UK Politics

Northern Ireland question: the inevitable goodbye?

Google+ Pinterest LinkedIn Tumblr

Just a few months ago in December, many were celebrating the centenary of Northern Ireland’s existence and its place within the United Kingdom. The BBC exhibited a range of articles depicting its history, politics, and culture. Yet, in just over a month’s time, the people of Northern Ireland will head to the polls and the result may decide whether that long history will come to an end.

Ulster’s election on 5 May to elect 90 members of Northern Ireland’s Assembly come after some of the most turbulent years in the country’s history. Whether you’re a unionist or republican, protestant or Catholic, Northern Ireland’s place in the union has, historically, been far from secure.

After its creation in 1921, Ulster has experienced bitter division and bloody violence in the name of both religious and political movements. It was thought that the Good Friday Agreement would cure the country’s ills. However, since the Brexit referendum six years ago, Northern Ireland’s political instability and anger at Westminster have become more apparent.

In the referendum, 55.8% of the Northern Irish electorate voted to remain inside the European Union. Like in Scotland, Northern Ireland is home to a large re-join movement and parties like Sinn Fein have moulded their position to such policy. The 2019 election proved that anti-Brexit sentiment is growing as the liberal Alliance party doubled their vote as the pro-Brexit vote decreased. The UK has a union problem. Both England and Wales voted to leave, but not Scotland and Northern Ireland. The latter, however, is more problematic.

Since Northern Ireland borders the Republic, an EU member, it has created a problem that the government has effectively ignored. “We will make sure that businesses face no extra costs and no checks for stuff being exported from NI to GB”, Johnson said in the final days of the 2019 election campaign. It was utter nonsense.

The Northern Ireland Protocol was created out of legal necessity to ensure trade continued, but Johnson’s treatment of the region is completely irresponsible. They’re trapped in the middle of an uncomfortable trade negotiation which only damages the union and its people. It’s often forgotten now, but it was only a year ago that riots took place in Ulster as the loyalist community fought back against the government’s plans.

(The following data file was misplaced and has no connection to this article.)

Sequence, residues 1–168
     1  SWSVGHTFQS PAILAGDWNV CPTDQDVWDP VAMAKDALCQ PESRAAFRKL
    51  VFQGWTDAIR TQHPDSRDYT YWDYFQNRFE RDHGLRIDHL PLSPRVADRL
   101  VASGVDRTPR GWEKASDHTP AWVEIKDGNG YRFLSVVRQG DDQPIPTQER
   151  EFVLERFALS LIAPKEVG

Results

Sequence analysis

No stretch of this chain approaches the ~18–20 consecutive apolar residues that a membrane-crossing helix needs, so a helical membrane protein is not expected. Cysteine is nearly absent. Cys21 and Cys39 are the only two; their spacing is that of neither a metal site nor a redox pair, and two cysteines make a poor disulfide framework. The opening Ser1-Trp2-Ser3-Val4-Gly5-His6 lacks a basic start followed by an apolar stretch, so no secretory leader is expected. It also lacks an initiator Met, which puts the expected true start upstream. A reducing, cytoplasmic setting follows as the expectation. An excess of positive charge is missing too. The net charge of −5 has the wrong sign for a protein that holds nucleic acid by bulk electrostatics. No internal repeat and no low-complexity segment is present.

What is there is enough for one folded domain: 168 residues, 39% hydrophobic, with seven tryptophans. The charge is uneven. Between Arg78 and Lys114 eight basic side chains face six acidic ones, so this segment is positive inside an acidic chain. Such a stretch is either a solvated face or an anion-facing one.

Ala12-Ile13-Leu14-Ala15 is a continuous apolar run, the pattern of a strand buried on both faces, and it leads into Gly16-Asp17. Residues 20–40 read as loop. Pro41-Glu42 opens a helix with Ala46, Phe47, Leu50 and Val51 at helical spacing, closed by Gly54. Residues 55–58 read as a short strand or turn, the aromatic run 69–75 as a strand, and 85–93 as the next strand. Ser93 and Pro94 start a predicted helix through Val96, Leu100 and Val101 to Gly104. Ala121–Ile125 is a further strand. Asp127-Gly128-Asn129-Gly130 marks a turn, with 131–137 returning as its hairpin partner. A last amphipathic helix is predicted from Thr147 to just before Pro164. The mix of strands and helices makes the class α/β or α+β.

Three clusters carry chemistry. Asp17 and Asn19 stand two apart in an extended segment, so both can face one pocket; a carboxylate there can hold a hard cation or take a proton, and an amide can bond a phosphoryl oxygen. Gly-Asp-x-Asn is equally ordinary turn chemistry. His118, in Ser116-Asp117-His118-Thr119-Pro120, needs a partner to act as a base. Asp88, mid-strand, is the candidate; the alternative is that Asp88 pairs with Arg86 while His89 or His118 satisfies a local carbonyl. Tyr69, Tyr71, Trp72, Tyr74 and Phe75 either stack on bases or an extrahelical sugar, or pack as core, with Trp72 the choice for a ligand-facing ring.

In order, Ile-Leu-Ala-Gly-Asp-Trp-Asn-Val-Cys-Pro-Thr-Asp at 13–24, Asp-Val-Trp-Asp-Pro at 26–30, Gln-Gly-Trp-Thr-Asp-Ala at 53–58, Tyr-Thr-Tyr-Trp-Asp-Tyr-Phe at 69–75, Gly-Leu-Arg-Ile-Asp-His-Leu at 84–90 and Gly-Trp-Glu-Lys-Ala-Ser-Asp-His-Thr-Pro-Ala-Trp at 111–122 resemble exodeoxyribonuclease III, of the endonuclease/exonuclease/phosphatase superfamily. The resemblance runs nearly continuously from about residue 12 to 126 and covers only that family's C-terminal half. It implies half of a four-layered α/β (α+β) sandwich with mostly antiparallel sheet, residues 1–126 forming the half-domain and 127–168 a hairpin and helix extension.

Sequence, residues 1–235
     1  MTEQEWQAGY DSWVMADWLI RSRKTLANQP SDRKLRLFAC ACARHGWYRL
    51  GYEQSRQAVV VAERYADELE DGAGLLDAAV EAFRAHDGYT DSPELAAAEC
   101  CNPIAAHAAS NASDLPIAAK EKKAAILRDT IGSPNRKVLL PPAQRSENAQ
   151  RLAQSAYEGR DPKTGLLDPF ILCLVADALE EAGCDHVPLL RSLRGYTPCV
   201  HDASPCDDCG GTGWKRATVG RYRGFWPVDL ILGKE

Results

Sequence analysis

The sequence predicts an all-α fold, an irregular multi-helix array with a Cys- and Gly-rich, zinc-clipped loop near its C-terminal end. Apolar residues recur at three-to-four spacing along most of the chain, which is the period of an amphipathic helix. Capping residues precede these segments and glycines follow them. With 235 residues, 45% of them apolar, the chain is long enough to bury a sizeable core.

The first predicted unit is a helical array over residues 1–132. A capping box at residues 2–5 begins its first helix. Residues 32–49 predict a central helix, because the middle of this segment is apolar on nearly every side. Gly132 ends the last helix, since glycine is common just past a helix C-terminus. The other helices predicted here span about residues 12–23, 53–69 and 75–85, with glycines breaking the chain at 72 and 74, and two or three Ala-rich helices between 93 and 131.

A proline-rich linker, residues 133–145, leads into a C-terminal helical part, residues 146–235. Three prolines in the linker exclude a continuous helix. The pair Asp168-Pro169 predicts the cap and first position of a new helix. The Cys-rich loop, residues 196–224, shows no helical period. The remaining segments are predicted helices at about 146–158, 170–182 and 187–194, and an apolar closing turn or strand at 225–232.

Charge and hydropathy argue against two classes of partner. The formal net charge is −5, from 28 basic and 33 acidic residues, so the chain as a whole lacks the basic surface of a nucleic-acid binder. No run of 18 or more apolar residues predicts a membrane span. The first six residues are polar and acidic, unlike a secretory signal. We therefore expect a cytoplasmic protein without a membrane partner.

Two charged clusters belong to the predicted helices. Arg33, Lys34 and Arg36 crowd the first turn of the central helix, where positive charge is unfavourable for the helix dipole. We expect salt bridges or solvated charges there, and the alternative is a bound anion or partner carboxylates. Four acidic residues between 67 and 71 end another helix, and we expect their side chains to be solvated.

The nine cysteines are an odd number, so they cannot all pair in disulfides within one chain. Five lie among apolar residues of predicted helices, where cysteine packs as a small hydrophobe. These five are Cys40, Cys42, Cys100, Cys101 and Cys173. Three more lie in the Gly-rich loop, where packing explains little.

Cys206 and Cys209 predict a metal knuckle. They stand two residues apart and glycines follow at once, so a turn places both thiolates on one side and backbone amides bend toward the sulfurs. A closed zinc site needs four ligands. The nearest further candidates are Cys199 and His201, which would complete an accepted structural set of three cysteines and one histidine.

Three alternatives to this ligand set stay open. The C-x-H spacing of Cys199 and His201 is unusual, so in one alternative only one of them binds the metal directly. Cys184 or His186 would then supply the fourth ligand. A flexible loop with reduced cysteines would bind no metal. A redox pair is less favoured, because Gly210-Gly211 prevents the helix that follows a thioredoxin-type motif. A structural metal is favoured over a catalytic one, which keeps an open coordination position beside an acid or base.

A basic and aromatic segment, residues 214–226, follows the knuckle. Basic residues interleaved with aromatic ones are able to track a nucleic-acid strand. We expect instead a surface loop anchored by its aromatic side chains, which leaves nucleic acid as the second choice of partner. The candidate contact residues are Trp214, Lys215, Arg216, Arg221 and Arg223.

Brexit has only made a United Ireland more possible. At the start of the 2010s. the margin of victory for Northern Ireland remaining part of the UK reached as high as 57% in polling. Today, that lead is in single digits. However, this has been a long time coming and it’s down to both lazy government and the DUP, the unionists who opposed the Good Friday Agreement in 1998.

It’s impossible to argue that the peace agreement was bad for the people of Northern Ireland. Any suggestion of such a thing, with the bloodshed of the Troubles long in the past, would be entirely wrong. However, like the Scottish Independence referendum in 2014, the unity of the centrist parties for peace resulted in their demise.

The Northern Ireland Assembly and the position of First Minister were created after the peace agreement was ratified by a referendum, supported by 71% of the population. However, in the years that followed, the mainstream Ulster Unionists and Social Democratic and Labour parties collapsed. Peace had been achieved, but religious fear remained strong.

Peace in Northern Ireland made way for Sinn Fein, the political wing of the IRA which took credit for much of the bloodshed of the Troubles. The rise of Ian Paisley’s Democratic Unionists was a reaction against not so much the agreement of peace but the prospect of Sinn Fein becoming a serious and peaceful political force. After peace, war was replaced with fear.

The DUP has been the primary party of government since 2007. But since then, the party has been power-sharing with Sinn Fein in a very unstable partnership. Little progress has been made during their time in office aside from keeping the parliament afloat, something which is becoming more challenging.

Their division over the leadership of Arlene Foster led to a farce. Edwin Poots lasted just four weeks as leader and Northern Ireland has been without a First Minister for nearly two months after Paul Givan’s resignation over Johnson’s hashed Protocol agreement. The DUP has acted out of fear and clumsily so. Hard-line Protestantism is dying as those who lived during the Troubles no longer see it as useful in the modern political world.

In both Northern Ireland and the Republic, Sinn Fein has been just one seat short of becoming the largest party in the last elections. Recent polling in both countries has placed Sinn Fein in the lead by varying distances. If they win the most seats and form the next administration, Northern Ireland will enter new political territory and so will the Republic and the rest of the UK.

Unification is no longer a matter of speculation. Since 1998, the Republic and Northern Ireland have grown closer and the latter’s anger against the UK government could be the final straw. It’s now a matter of when. The events of the last few decades and perhaps even millennium have made it inevitable that Northern Ireland will one day reunite with the south.

Generations are growing up in a post-Good Friday Agreement world. Unity isn’t shown through religion or politics anymore, but through desired peace. Brexit is doing all it can to render that peace moot, but in the end, the people of the Republic and Northern Ireland will have to decide their fate.

Comments are closed.

%d bloggers like this: